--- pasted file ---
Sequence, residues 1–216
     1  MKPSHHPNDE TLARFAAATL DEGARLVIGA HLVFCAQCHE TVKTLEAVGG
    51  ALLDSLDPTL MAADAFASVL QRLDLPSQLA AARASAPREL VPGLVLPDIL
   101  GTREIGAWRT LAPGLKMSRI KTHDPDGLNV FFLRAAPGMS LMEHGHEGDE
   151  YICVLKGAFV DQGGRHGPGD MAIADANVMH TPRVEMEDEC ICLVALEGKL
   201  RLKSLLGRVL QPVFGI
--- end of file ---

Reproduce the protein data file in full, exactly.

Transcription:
Sequence, residues 1–216
     1  MKPSHHPNDE TLARFAAATL DEGARLVIGA HLVFCAQCHE TVKTLEAVGG
    51  ALLDSLDPTL MAADAFASVL QRLDLPSQLA AARASAPREL VPGLVLPDIL
   101  GTREIGAWRT LAPGLKMSRI KTHDPDGLNV FFLRAAPGMS LMEHGHEGDE
   151  YICVLKGAFV DQGGRHGPGD MAIADANVMH TPRVEMEDEC ICLVALEGKL
   201  RLKSLLGRVL QPVFGI